DOJ Files Court Letter Citing Boeing For Settlement Violations


The U.S. Justice Department (DOJ) informed a federal judge yesterday that it believes Boeing has violated key terms of the $2.5 billion settlement related to the two infamous 737 MAX crashes. In addition to the cash payment, the settlement required the planemaker to “design, implement, and enforce a compliance and ethics program to prevent and detect violations of U.S. fraud laws throughout its operations.” The DOJ told the judge Boeing has failed to meet its obligations and is therefore subject to criminal prosecution.

Yesterday (May 14), the head of the DOJ criminal division’s fraud section, Glenn Leon, filed a letter in federal court in Texas, saying Boeing has failed to comply with the above-quoted terms of the 2021 settlement. Boeing has until June 13 to respond to the letter, and DOJ prosecutors have until July 7 to decide whether or not to file charges.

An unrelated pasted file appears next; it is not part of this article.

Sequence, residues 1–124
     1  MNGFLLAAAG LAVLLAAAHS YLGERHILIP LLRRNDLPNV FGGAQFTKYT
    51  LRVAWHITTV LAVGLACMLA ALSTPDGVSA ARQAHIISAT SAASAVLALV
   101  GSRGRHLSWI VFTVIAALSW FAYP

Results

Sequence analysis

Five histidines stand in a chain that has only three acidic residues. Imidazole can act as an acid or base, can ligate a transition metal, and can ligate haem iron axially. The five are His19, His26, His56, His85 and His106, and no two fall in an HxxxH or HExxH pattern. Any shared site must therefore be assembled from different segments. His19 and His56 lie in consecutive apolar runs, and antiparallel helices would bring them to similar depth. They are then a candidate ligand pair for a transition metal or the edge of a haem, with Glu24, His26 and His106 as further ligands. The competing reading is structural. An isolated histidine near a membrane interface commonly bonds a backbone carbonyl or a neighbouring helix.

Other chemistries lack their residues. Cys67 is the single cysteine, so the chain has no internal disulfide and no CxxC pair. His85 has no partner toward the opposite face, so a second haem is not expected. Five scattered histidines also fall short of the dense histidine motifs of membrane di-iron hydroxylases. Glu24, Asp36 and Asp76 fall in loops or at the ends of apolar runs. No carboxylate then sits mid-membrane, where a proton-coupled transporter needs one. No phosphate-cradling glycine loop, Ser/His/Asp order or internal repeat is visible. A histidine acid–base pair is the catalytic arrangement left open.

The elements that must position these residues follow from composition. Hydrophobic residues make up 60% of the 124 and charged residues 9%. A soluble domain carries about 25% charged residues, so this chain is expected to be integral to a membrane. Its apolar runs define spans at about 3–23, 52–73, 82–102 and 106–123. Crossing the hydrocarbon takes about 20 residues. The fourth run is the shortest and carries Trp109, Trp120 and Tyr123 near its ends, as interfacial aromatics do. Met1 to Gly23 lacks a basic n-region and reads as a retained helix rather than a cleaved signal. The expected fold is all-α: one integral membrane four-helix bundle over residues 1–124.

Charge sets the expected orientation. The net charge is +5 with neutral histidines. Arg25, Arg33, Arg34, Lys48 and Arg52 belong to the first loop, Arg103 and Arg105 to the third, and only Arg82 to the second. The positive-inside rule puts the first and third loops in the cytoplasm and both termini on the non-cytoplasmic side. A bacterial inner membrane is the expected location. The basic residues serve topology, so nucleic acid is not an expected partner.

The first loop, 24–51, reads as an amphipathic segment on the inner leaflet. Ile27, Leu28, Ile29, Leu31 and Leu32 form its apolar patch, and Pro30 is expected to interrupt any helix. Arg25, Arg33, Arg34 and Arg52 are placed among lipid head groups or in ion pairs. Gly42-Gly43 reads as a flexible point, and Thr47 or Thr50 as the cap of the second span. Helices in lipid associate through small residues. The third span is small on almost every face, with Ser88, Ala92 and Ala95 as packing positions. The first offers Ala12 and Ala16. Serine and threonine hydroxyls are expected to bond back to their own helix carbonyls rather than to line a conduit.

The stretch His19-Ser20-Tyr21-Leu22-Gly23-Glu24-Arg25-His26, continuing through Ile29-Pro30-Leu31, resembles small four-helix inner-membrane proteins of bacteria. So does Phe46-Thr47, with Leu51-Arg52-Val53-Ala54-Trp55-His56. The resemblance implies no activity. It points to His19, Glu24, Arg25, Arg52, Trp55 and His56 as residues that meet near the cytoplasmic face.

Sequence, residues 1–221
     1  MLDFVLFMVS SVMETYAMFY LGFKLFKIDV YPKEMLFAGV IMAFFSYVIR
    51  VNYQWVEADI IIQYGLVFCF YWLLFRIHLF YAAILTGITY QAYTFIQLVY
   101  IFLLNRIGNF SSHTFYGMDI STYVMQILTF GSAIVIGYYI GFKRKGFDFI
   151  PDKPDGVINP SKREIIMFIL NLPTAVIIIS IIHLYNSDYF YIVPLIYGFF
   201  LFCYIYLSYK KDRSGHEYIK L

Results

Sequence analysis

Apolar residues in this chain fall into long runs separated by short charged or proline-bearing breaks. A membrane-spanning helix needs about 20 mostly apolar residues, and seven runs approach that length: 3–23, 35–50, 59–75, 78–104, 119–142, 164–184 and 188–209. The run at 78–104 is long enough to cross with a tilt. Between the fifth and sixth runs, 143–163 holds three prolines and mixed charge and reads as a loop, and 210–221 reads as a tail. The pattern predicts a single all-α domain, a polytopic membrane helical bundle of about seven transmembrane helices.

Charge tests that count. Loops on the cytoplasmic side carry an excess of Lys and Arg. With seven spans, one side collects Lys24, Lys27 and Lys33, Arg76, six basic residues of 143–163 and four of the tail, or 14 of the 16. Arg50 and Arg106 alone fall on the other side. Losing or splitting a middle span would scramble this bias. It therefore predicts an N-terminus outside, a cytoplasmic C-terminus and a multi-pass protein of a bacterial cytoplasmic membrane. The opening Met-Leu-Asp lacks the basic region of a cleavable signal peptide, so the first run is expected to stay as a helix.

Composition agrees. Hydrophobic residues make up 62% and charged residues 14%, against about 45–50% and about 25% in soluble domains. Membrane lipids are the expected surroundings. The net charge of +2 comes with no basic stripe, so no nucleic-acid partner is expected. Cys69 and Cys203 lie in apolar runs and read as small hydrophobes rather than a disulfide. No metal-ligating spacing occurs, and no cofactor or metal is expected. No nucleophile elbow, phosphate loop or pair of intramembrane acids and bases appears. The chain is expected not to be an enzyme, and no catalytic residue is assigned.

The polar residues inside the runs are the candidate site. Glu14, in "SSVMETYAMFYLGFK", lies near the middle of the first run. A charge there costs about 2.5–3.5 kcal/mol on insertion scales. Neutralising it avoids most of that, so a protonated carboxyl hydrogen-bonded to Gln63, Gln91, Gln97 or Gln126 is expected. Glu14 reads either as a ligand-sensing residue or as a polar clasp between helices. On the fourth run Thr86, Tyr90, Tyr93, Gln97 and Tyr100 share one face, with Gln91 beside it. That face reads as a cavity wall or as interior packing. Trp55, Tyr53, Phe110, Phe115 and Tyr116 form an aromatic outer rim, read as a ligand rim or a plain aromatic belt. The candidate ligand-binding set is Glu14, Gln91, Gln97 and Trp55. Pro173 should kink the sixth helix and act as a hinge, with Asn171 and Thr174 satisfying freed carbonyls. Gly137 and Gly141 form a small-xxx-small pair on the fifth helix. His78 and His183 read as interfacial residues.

According to Leon’s letter, “The Government is determining how it will proceed in this matter.” He added that the department would consider any response from Boeing in the meantime, “in determining whether to pursue prosecution.”

An attorney representing the families of passengers who died in the second MAX crash called the DOJ determination “a positive first step, and for the families, a long time coming. But we need to see further action from DOJ to hold Boeing accountable.”

Boeing has responded to the DOJ court filing with a statement: “We believe that we have honored the terms of that agreement and look forward to the opportunity to respond to the Department on this issue. As we do so, we will engage with the Department with the utmost transparency, as we have throughout the entire term of the agreement.”

Mark Phelps
Mark Phelps is a senior editor at AVweb. He is an instrument rated private pilot and former owner of a Grumman American AA1B and a V-tail Bonanza.


  1. It’s time for Boeing to be forced to divest itself from its Boeing Commercial Airplane unit which should be spun off into a separate company severing all ties with the present Boeing Company. Enough is enough.